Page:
Ahh, the white sand beach…
It’s the quintessential daydream.
It’s the kind of image that inspires notions of quitting one’s day job and purchasing a one-way ticket to the islands. No shirt, no shoes, no problems.
The non-curious sort will be perfectly content to stroll on the white beach, perhaps clutching a tropical libation served in a coconut shell. And really, what’s wrong with that?
But others may marvel at the dazzling white sand and wonder how it got there.
It’s simple really. That white sand is composed primarily of excrement. Parrotfish poop – bluntly stated.
Approximately 80-90 species of parrotfish inhabit tropical and subtropical oceans around the world. Divers, snorkelers and swimmers are undoubtedly familiar with this commonly seen brightly colored fish.
Parrotfish play a critical role in the health of a coral reef ecosystem. Their fused, beaklike front teeth allow them to break off and ingest pieces of coral. The algae on the coral provides the fish’s food source, while the coral is ground up and excreted as sand. It’s this excreted sand that forms the beach upon which we all love to lounge.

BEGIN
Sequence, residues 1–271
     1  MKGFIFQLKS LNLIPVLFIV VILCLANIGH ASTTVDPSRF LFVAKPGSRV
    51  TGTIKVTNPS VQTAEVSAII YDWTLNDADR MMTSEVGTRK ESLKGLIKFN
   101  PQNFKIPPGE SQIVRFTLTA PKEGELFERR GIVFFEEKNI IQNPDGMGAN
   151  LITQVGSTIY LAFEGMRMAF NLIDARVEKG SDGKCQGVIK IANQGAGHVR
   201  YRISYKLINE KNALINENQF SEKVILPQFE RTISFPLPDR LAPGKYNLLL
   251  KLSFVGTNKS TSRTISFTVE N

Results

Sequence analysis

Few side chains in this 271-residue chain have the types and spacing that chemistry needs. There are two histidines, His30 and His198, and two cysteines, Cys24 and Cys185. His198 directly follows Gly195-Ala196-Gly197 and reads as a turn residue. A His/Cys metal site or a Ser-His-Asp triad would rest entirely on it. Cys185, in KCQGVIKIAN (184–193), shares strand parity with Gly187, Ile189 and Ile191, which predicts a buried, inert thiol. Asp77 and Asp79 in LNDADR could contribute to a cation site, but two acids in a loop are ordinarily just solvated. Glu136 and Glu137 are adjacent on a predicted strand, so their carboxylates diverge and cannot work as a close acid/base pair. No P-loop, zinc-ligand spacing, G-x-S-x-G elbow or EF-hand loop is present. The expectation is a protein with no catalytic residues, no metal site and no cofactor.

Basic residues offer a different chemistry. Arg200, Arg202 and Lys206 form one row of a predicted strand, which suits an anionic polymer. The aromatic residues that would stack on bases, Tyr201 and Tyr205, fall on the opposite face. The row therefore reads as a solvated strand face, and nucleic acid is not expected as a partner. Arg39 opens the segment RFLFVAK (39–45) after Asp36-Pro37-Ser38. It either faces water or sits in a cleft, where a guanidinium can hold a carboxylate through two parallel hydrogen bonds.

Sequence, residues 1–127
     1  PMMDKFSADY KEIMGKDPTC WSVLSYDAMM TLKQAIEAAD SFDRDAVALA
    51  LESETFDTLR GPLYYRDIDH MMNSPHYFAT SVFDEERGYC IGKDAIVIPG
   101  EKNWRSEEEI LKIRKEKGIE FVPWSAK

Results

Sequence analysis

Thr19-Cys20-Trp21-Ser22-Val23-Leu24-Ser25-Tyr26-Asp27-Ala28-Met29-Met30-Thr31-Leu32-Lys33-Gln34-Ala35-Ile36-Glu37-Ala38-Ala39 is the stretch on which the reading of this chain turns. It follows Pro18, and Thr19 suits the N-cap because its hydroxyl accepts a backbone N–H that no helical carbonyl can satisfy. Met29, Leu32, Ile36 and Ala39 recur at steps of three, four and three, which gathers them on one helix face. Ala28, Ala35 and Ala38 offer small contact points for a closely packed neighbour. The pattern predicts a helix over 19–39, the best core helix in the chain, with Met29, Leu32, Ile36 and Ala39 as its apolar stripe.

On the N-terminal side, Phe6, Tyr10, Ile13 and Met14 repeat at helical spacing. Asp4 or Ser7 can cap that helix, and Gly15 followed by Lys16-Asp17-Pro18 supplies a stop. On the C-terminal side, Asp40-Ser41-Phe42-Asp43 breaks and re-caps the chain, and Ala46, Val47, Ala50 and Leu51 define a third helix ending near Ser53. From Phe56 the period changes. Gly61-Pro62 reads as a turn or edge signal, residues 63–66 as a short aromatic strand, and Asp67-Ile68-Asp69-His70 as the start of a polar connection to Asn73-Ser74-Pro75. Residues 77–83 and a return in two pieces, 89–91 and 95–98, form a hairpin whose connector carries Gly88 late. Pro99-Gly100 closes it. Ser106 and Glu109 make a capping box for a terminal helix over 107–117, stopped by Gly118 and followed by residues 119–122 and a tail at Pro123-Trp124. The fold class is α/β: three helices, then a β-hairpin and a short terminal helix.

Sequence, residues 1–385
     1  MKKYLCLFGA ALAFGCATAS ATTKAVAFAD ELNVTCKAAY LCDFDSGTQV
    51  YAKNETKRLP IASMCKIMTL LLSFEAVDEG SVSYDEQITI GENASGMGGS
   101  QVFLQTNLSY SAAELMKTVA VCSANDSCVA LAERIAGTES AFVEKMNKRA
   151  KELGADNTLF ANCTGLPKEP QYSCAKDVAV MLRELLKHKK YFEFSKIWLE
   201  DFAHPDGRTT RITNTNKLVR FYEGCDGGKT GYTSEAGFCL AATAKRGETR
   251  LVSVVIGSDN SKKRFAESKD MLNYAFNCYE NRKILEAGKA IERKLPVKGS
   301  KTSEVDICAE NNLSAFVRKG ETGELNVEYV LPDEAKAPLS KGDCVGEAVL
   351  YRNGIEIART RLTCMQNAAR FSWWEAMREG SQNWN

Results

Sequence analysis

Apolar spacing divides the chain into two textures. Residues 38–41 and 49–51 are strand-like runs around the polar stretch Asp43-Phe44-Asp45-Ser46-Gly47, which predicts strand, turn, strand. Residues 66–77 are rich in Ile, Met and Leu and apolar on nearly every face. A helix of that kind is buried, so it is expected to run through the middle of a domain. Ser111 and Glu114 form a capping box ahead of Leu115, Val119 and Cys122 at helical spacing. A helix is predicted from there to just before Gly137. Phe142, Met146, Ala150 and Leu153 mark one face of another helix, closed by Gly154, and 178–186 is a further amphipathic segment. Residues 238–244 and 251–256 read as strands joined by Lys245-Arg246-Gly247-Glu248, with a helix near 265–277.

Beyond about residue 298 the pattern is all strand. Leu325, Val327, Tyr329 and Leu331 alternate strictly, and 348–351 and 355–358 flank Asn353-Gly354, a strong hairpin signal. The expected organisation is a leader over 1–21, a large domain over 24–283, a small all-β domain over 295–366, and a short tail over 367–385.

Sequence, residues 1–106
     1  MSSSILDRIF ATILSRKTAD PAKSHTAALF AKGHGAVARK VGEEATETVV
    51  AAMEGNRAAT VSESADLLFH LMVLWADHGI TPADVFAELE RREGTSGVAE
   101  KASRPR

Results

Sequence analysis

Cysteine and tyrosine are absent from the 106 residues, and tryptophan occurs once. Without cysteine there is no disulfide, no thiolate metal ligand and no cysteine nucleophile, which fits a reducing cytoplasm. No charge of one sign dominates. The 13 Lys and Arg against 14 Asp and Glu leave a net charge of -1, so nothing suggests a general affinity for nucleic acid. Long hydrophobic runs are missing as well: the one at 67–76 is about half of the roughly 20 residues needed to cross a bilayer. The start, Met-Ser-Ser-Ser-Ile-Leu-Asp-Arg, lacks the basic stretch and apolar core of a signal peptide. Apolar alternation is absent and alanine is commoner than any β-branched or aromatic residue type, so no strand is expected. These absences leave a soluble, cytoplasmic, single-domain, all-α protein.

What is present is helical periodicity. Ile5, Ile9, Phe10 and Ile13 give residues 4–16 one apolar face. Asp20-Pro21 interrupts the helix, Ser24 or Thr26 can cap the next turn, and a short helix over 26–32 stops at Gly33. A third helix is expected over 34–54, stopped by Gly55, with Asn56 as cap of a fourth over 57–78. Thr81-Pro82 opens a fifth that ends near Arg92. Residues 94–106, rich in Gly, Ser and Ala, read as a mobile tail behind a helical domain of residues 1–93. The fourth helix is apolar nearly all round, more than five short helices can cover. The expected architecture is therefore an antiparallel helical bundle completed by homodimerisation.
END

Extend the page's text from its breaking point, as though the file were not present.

Here are some other interesting facts about the parrotfish.
-This fish changes sex throughout its lifespan, beginning its life as a female and eventually becoming male.
-It’s bright coloration makes it easy to see, but it is easily heard as well. It produces an audible crunching sound when biting coral.
-A parrotfish can produce 200 pounds (90kg) of sand per year, and the larger species can produce even more.
-At night, many types of parrotfish produce a transparent sack which encases them to provide protection while sleeping.
-The larger species of parrotfish, such as the bumphead or the midnight parrotfish grow up to 3 feet (1m) in length.
So now you’ll be prepared the next time your beach going toddler asks, “Daddy, what is white sand made of?”.